Bologna: what to see, itinerary and routes to do in two days

What to see in Bologna, a journey by foot to visit the main monuments and places of interest.

Guide Bologna

The area of ​​the Po valley where today stands Bologna, the capital of the Emilia Romagna region, was inhabited since the ninth century BC, but the first nucleus of the city called Felsina, was founded by the Etruscans in 550 BC. With the descent of the Gauls in the Italian peninsula in 350 BC, the Etruscans were gradually outvoted and Felsina, conquered by the Gallic tribe of Boi, will begin to be called Bona.

The Romans came the city’s name was Latinized and became Bonomia, the city center was enlarged and were made importani public works. The late Middle Ages were a time when the city had an important growth, due to the arrival of people from the countryside to the University, referred to as the first University of the Western world.

In fact the origin of the University of Bologna dates back to 1088 and in the Middle Ages his fame attracted writers and scholars from all over Europe. Dates back to the Middle Ages, the construction of the many arcades, a feature of the city. However since this era coincided with the center of the city Piazza Maggiore, Bologna’s main square, overlooked by the main buildings of the medieval city and the Basilica of San Petronio, the patron saint of the city.

In fact, in order to create a space to use to the market, in the thirteenth century, the municipality bought and demolished the buildings that were in the area where today stands the square, which will take the form present in four.

Itinerary to visit Bologna

On the northern side of the square is the oldest palace, the Palazzo del Podesta, which was built in 1200. The building is topped by the Tower dell’Arengo, with the bell to summon the people (arengo), and comes with a high porch decorated that housed hatters, haberdashers and in the Middle Ages also cured meat and cheese, fruit sellers and notaries.

On the back are the Palazzo del Capitano del Popolo and the palace of King Enzo. On the western side of the square is the old Town Hall, consists of two buildings of the Accursio Palace and the Palace of Legato. The first, dominated by the clock tower, named after the lawyer Francesco Accursio, who lived there in the second half of the thirteenth century.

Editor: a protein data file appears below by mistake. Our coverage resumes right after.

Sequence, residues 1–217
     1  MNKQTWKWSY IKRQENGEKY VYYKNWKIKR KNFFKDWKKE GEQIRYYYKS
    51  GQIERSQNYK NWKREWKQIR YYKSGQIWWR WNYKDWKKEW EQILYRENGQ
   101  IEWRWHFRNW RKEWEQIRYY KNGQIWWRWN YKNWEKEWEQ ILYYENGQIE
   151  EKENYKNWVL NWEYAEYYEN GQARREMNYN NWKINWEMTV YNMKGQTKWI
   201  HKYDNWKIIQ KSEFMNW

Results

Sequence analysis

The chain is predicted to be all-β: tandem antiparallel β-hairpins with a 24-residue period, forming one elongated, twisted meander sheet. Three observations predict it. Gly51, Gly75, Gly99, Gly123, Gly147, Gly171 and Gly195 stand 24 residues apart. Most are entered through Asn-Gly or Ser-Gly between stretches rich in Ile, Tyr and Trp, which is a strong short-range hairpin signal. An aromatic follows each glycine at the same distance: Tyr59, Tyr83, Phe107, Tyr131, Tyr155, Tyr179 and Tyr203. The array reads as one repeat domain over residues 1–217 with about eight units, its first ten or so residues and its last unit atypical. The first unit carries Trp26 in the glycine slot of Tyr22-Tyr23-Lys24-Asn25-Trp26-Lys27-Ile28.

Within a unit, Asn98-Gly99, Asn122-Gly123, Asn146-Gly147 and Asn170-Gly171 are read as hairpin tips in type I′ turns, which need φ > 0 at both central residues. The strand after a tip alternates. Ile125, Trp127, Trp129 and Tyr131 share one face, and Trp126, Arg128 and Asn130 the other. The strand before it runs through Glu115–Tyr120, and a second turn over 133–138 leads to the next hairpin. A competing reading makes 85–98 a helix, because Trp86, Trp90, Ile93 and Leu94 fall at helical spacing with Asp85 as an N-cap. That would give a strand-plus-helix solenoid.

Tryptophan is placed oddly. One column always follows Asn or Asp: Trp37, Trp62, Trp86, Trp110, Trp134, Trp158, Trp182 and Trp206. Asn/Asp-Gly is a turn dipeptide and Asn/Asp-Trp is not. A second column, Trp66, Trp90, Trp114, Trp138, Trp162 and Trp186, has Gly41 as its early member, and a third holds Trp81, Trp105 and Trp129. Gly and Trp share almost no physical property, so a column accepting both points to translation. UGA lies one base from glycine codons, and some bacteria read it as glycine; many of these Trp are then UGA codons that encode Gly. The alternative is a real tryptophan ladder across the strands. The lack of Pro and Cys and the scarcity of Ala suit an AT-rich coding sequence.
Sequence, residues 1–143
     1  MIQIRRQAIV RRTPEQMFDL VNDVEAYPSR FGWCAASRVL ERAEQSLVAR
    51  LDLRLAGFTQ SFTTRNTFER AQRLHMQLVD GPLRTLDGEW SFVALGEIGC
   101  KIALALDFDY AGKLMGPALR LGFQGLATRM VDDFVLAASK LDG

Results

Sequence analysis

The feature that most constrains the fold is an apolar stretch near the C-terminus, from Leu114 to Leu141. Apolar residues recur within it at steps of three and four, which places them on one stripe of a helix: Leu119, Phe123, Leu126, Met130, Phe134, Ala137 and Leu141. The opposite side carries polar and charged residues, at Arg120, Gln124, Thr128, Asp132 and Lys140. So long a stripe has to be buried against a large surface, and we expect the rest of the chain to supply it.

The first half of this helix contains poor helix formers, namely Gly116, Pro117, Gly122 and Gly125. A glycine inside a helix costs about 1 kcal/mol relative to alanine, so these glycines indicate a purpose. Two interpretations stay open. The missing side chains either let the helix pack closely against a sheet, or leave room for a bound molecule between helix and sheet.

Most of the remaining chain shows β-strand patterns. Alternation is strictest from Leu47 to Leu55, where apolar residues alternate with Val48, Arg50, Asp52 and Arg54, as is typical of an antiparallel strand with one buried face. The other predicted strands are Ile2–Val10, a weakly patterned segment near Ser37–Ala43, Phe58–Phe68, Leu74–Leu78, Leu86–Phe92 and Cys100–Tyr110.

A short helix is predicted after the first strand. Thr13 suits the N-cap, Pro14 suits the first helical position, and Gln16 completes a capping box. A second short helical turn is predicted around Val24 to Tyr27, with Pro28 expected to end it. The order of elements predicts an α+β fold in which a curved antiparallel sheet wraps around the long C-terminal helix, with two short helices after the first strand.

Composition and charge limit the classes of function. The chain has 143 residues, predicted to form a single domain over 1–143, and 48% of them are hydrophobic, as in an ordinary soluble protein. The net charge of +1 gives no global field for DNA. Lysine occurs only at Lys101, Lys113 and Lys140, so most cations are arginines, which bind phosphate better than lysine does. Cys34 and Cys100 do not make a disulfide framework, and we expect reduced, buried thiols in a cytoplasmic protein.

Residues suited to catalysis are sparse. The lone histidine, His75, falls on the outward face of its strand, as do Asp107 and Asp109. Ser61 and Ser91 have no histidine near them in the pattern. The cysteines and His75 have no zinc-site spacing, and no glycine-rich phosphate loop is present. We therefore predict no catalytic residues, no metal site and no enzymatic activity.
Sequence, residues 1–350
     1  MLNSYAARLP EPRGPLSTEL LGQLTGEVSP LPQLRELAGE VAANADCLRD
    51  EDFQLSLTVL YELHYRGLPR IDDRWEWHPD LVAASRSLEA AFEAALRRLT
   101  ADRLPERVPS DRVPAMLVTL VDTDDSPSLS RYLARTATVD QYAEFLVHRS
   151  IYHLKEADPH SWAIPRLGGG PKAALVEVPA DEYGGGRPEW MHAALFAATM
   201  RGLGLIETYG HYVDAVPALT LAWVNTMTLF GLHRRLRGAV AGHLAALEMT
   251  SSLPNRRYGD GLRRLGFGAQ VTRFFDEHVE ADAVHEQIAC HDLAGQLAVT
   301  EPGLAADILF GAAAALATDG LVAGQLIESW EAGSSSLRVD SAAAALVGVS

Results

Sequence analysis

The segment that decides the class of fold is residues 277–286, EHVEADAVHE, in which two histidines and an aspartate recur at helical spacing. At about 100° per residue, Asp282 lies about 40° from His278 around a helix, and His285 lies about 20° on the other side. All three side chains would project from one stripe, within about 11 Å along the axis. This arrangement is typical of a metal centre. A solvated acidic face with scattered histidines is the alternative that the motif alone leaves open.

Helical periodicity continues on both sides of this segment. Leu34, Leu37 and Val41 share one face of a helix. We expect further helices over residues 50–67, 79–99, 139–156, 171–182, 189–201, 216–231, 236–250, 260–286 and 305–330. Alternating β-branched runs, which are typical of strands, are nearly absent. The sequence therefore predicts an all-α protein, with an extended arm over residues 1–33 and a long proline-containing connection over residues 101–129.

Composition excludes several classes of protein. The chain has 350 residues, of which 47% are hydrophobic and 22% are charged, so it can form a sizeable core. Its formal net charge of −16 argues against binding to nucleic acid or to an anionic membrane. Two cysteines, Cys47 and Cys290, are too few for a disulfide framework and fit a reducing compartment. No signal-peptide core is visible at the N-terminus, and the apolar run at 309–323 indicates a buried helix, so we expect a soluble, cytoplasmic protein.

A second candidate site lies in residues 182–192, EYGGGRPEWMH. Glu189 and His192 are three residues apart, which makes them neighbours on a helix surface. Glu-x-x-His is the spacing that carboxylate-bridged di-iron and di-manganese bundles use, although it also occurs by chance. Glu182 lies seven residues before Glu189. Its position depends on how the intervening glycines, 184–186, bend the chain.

The other, the Palace of Legato, is the sixteenth century and was built to house the apartments of the Cardinal Legate. In the Town Hall, the seat of the Municipality of Bologna, have seat the Municipal Art Collection of Bologna and the Museo Morandi. In the east of Piazza Maggiore is the Palazzo dei Banchi, which owes its name to the shops of the money changers and bankers who occupied this side of the square.

The Palazzo dei Banchi along with that of Notaries (another historic building that overlooks the square) was the site of the medieval guilds. Actually Palazzo dei Banchi does not correspond to a single building but a facade built to a design by Vignola in the fifteenth and sixteenth centuries, in order to bring the level of the buildings surrounding the old houses that faced on this side of the square.

From this palace begins the most famous portico, the Pavaglione, which connects Piazza Maggiore at Archiginnasio, the first seat of the University of Bologna. The southern part of Piazza Maggiore is occupied by the imposing Basilica of San Petronio, whose construction was begun in 1390 by the will of the people, after the autonomy of the city from papal rule.

The City Council gave the charge to the architect Antonio di Vincenzo, for the building of a large church civic, whose work will be completed almost three centuries later, and will not reach the size provided for in the original project. The church today is in the Gothic style, with a number of Renaissance and the unfinished facade. Since 1929 is transferred to the diocese and its consecration dates back to 1954.

Bologna is also famous for its towers, medieval were built primarily for military purposes and became a symbol of power and prestige. The most famous are the Asinelli Tower and the Garisenda, which arise in the square Ravegnana.